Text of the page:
A U.S. Air Force Academy cadet at the board in Chinese class.
A U.S. Air Force Academy cadet at the board in Chinese class. U.S. Department of Defense

Until recently, it’s been used exclusively in U.S. government agencies and military schools. But now, a test for how easily a person will become fluent in a foreign language could be made available for civilians. Nautilus calls the test “one of the first civilian benefits to come out of America’s war on terror.”

Nautilus looks at some of the science—and yet-unproven theory—behind the test, called the High Level Language Aptitude Battery, or Hi-LAB. In short, some of the latest thinking posits that some people have better brain hardware for reaching high-level fluency in another language as an adult. You’ve probably heard a lot about how the brain is primed for learning languages in childhood. There’s even evidence that a pill could induce that childlike learning state in adult brains. The Hi-LAB researchers found, however, that certain adults naturally seem to learn language similarly to the way kids do. Hi-LAB is designed to find those adults.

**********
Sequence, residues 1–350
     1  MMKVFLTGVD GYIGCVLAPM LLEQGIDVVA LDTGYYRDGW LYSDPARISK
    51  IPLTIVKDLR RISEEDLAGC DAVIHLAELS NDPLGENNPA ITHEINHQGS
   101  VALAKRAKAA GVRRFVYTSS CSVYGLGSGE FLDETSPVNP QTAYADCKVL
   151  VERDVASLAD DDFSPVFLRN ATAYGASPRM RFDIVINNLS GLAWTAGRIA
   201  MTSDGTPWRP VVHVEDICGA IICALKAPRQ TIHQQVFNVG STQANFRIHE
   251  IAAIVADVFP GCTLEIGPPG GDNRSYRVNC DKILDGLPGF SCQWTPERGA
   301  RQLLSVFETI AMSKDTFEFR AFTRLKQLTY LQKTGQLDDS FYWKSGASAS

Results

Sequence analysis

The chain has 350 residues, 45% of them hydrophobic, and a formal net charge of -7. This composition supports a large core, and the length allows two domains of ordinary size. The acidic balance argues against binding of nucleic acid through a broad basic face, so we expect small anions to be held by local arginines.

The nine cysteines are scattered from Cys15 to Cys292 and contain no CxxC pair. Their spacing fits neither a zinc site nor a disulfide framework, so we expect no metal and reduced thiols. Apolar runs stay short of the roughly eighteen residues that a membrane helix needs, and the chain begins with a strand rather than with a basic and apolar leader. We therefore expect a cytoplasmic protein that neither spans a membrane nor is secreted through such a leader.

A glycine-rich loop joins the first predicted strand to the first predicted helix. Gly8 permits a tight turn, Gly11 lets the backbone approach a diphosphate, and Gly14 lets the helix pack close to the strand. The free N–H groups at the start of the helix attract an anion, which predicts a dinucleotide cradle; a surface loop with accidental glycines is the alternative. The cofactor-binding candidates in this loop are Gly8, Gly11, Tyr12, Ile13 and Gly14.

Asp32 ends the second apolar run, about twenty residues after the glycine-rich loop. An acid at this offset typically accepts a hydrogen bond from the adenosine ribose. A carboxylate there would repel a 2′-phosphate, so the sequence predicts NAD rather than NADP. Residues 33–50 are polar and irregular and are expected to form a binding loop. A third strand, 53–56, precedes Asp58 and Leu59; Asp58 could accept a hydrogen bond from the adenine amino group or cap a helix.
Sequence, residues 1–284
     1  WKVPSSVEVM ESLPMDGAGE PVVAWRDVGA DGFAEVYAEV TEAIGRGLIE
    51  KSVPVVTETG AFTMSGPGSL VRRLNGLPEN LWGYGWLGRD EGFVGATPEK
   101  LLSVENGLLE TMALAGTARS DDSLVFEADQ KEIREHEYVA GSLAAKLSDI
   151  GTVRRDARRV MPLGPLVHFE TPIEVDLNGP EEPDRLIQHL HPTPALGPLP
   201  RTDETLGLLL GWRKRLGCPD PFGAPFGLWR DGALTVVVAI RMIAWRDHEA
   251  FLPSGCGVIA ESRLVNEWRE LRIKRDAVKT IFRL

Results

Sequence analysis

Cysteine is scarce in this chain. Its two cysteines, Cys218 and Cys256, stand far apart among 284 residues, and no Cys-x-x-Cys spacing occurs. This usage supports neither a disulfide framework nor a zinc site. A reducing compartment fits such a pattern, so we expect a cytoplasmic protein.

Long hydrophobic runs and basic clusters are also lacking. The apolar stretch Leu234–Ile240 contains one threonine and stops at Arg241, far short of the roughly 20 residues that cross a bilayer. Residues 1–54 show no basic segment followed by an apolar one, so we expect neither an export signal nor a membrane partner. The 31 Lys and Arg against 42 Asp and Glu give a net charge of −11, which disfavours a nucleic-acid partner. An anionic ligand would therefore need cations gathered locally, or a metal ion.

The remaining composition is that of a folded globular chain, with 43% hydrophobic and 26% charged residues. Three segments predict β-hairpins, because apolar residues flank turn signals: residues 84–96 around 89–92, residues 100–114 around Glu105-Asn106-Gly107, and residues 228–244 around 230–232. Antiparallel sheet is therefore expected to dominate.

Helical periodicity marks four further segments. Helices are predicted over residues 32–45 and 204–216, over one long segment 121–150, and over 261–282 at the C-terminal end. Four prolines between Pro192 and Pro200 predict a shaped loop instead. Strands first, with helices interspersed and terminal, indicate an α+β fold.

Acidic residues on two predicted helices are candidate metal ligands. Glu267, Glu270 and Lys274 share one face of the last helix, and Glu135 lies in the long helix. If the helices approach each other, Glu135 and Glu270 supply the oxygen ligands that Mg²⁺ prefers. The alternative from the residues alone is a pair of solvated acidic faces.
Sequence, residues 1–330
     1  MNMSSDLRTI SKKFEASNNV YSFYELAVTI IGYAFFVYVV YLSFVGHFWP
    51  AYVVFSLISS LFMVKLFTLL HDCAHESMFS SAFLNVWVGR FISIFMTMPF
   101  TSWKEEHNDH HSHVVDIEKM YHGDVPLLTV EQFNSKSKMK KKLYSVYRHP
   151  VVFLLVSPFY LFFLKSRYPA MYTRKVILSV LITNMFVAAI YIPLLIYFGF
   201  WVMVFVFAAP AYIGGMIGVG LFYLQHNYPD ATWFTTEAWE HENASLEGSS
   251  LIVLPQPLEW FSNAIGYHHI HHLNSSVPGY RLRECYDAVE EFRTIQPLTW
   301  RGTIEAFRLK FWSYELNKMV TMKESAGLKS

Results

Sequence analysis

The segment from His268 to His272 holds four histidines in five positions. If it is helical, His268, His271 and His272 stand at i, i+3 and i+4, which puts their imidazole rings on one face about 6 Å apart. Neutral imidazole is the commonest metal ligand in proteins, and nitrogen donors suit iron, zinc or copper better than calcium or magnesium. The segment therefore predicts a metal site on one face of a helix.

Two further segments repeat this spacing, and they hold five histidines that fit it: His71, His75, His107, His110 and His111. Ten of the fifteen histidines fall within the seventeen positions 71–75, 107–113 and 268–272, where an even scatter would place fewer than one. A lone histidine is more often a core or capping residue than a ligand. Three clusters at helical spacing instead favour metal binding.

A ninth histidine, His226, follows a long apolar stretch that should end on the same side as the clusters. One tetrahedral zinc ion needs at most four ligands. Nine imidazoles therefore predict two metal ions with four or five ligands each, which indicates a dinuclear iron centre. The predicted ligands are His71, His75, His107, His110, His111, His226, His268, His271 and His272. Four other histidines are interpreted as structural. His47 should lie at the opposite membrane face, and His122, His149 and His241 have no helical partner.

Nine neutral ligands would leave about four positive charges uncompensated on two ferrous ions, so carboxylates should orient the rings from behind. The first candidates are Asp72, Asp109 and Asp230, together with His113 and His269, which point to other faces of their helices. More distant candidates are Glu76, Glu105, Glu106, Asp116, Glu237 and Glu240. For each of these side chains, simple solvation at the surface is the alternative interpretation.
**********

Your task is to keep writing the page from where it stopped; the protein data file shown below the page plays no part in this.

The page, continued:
The U.S. military got especially interested in this research after 9/11. Suddenly, military leaders found themselves in dire need of translators for languages quite unlike English, such as Arabic and Pashto. They wanted to train American translators quickly and they didn’t want to waste time on people who were never gonna get there.

Now, the military and Hi-LAB’s creators have released details about the test to the public for the first time, Nautilus reports. Outside of the military, Hi-LAB could pinpoint different adults’ optimal language learning strategies. You could get language lessons tailored just for your brain… whether or not you have the architecture to make you so fluent, your government would want you translating intercepted terrorist messages. But will it work? Even in the military, it’s still too soon to know whether Hi-LAB has helped the American government find and nurture the best adult language learners, Nautilus reports.